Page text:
“South of the Border” premiered last year at the 66th Venice Film Festival, and is currently available on DVD from Cinema Libre Studios.

Red Hill (2010)

In Film Reviews on November 6, 2010 at 2:57 pm

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“Red Hill,” a new Australian thriller, forcibly reminded me of “No Country for Old Men,” the Coen brothers’ smash from 2007.  A lone gunman busts out of prison and stalks his way back to the town where he was arrested, intent on getting his long-awaited revenge.  It’s like a stripped-down Eastwood picture; there’s crime, there’s killing, and in the end everyone gets their due.

The weird part about this film is that it stars Ryan Kwanten, best known for his role as Jason Stackhouse on HBO’s “True Blood.”  His character in that show is certainly plucky and daring, but not exactly the brightest crayon in the box.  In “Red Hill” his character, Shane Cooper, resembles Jason in many ways: he seems to be perpetually out of the loop, always in danger but never quite sure why.  However, in this film there’s a good reason for that.  It’s Shane’s first day as a policeman in the rural town of Red Hill, in the Outback, and without knowing it he’s stepped into a whole world of trouble.

Shane’s boss, Old Bill (Steve Bisley), sounds the alarm when he realizes murder convict Jimmy (Tommy Lewis) has escaped from prison; there’s only one place he’ll go, Bill tells the motley militia gathered in the police station, and that’s here.  Soon everyone is armed to the teeth and awaiting the arrival of this archetypal nemesis.  Naturally, not everything goes as planned, and as Shane tries to work out how to stop Jimmy’s killing spree, he discovers there’s more to the story than he’s been told.  Though Kwanten isn’t forced out of familiar territory here, his performance is compelling enough to carry the film, and it’s terribly fun to hear him yelling in his native Australian accent.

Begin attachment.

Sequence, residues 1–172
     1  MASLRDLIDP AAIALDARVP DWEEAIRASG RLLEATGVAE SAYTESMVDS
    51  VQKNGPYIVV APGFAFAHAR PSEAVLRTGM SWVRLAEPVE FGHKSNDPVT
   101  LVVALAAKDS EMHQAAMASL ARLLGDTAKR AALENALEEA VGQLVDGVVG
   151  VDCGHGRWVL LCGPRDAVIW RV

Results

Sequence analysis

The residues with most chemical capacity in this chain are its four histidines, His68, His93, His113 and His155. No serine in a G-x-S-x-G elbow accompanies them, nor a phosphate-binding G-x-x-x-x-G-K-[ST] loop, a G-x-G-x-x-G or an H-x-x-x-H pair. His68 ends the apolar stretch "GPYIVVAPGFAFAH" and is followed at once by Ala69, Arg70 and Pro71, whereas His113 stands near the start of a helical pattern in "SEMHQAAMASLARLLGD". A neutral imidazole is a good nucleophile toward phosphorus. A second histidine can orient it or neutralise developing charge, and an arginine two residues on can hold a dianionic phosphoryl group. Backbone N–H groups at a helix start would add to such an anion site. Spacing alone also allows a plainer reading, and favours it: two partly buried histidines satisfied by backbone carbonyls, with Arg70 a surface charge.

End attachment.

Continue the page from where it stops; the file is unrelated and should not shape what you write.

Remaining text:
“Red Hill” is the first feature from fellow Aussie writer/director Patrick Hughes, and there’s no denying it’s a promising start to his big-budget career.  The cinematography is brilliant, though one could argue that Hughes’ chosen setting is so picturesque that all you’d have to do is point a camera at it for it to look great.  Still, the film fulfills everything it sets out to do: the script zips along so fast that the 95-minute runtime feels more like 75, and even though the resolution is a little predictable and ham-handed, it doesn’t feel totally out of place.

Several blogs have described “Red Hill” as a “neo-Western,” and though no one has actually explained what this term is supposed to mean (are all Westerns made after Ford’s time neo-Westerns?) I agree with it.  These days, we’re so used to films being clouded by things like emotion and character development—it’s refreshing, in an odd way, to be immersed in a film in which the players are as developed as they’re going to get, and the only thing left to be resolved is who’s going to live to see the end of the picture.

“Red Hill” opened November 5 in limited release.